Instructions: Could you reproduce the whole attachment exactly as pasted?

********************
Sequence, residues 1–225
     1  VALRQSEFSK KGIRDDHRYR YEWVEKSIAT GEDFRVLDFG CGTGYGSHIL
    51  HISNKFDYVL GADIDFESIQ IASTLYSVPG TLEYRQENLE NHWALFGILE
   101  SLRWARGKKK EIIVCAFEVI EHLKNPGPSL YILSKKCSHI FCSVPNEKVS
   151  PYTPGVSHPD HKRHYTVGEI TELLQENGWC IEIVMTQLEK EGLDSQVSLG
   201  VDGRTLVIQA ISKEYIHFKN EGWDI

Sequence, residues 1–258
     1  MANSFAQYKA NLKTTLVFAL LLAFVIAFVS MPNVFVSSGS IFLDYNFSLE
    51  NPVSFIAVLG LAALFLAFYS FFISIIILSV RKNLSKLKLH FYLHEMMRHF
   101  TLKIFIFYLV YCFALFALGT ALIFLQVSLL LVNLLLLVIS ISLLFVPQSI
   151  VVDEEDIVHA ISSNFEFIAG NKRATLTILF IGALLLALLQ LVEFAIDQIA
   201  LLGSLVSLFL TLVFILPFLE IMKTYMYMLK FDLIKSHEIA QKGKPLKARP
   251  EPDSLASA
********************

Sequence, residues 1–225
     1  VALRQSEFSK KGIRDDHRYR YEWVEKSIAT GEDFRVLDFG CGTGYGSHIL
    51  HISNKFDYVL GADIDFESIQ IASTLYSVPG TLEYRQENLE NHWALFGILE
   101  SLRWARGKKK EIIVCAFEVI EHLKNPGPSL YILSKKCSHI FCSVPNEKVS
   151  PYTPGVSHPD HKRHYTVGEI TELLQENGWC IEIVMTQLEK EGLDSQVSLG
   201  VDGRTLVIQA ISKEYIHFKN EGWDI

Sequence, residues 1–258
     1  MANSFAQYKA NLKTTLVFAL LLAFVIAFVS MPNVFVSSGS IFLDYNFSLE
    51  NPVSFIAVLG LAALFLAFYS FFISIIILSV RKNLSKLKLH FYLHEMMRHF
   101  TLKIFIFYLV YCFALFALGT ALIFLQVSLL LVNLLLLVIS ISLLFVPQSI
   151  VVDEEDIVHA ISSNFEFIAG NKRATLTILF IGALLLALLQ LVEFAIDQIA
   201  LLGSLVSLFL TLVFILPFLE IMKTYMYMLK FDLIKSHEIA QKGKPLKARP
   251  EPDSLASA